Despite critical hosannas, Sorta has never been able to break out of North Texas. Venture from the area and few know who they are. With luck, that will change with Strange and Sad but True, as good a calling card as the band is ever likely to have.
To that end, the group has hired a promotions person to hype the disc to college and alt-rock stations nationally. But don't look for Johnson to pack his bags for Los Angeles or New York.
"I'm from Texas," he sums up. "I'm used to big, open spaces."
- Fort Worth Star Telegram

"This Is Texas Music"

A few decades back, dropping the adjective "pop" (short for "popular") in front of the noun "music" was often a stamp of approval. Pop music was, well, popular. Jaded critics and pimple popping 14 year-olds alike fell in love with the hits of great bands from the Beatles, the Beach Boys, and the Byrds to Squeeze, the Smiths, and REM.
Then, with the regrettable 1980s explosion of copycat synthesizer-and-hair-gel groups, "pop" assumed a negative connotation — one now more often associated with Britney Spears than Brian Wilson.
Recently, however, a new generation of pop-rock bands — and even some old geezers, like the members of Wilco and the Jayhawks who formed the tasty Bolanesque side-project, Golden Smog — has increased its share of the airwaves, cable, and the Internet.
While not strictly a "new" band, Dallas-based Sorta represents much that's great about this early 21st century pop renaissance, and their third full-length release, Strange and Sad but True, is an excellent album sure to broaden their fan base.
Founded as a duo by Trey Johnson and Danny Balis, Sorta plays catchy tunes with musical and lyrical depth by the bucket. Now a fully realized five piece, the band performs Johnson's carefully crafted songs with aplomb and provides the perfect undergirding to his enticingly imperfect voice.
If, as the cliché goes, "variety is the spice of life," Strange and Sad but True is a ball of fire. On "85 Feet and Falling" (listen), a childlike piano line stages a tragic tale of love and death: 85 feet and falling is not enough time to ask the question. Is this what I'm here for? Will this be my last confession? "Mama" (listen), the track that orbit's the disc's title, gains tremendously from the beautifully scratchy guitar line that darkens Johnson's dream soaked lyrics. "Pink and Baby Blue" (listen) is a lullaby-like reggae lilt that celebrates the joys of domestication: I found out love is dressed in pink and baby blue; if she gets cut, it can burn a hole right through you. And "Closer" (listen) is an electric piano driven jazz-fusion piece that mourns the inevitable distancing of even the closest relationships.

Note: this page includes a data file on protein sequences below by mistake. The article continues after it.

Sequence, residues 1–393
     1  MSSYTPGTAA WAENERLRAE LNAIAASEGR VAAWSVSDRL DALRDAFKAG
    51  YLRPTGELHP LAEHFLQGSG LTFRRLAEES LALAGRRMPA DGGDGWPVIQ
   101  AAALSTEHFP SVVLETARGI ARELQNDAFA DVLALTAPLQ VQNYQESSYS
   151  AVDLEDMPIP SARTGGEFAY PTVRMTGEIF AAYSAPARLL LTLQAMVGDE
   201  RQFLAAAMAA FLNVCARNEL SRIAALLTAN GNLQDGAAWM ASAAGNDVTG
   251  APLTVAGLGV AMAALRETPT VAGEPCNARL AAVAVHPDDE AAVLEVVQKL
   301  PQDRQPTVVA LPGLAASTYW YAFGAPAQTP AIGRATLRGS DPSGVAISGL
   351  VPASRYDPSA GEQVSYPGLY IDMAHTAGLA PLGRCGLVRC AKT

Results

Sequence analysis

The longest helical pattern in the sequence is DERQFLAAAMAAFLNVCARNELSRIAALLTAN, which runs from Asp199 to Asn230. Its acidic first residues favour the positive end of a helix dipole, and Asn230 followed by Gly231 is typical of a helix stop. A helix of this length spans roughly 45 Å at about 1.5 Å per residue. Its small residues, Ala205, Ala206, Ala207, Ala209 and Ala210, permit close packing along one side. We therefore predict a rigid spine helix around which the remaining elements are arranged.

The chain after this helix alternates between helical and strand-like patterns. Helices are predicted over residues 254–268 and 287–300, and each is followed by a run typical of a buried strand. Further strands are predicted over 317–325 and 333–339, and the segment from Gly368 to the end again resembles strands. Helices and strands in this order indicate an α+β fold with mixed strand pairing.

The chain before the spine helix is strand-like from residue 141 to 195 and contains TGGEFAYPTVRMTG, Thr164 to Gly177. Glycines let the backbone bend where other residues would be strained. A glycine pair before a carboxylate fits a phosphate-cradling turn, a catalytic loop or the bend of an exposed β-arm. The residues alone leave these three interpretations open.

If you're looking for a concept album or a clearly defined sound, Sorta's Strange and Sad but True will disappoint you. But if you're looking for a tasty eclectic treat, this multifaceted collection of mature pop tunes will satisfy you first time through and then keep you coming back for more.
- This is Texas Music

"Austin Sound"

Sorta's Strange And Sad But True is dedicated to Lorena Osorio, a 21 year-old woman who was thrown from a highway overpass by her boyfriend, Paul Stephens. Frontman Trey Johnson offers Lorena's story in "85 Feet," a song that is equal parts touching, heartbreaking, and creepy. The creepiness comes from Johnson's detailed recounting of the tale: "her body came to lay on Janette Durham's Crown Victoria." Yet, the song also explains that this story is not a simple one "she was sweet and he was rotten / as with any story many sides will be forgotten."
While "85 feet" will haunt you enough to make you listen and re-listen, Johnson's storytelling prowess carries through the rest of the album. And the stories get slightly lighter even though the track list may not show it. With titles like "Party's Over" and "Nothing Left To Say," you might think this album is a downer, but Johnson finds a way to lighten the mood. Even a line like "damned if I do, damned if I don't / so sink another drink / pray to God that I don't choke" sounds more hopeful than you might expect.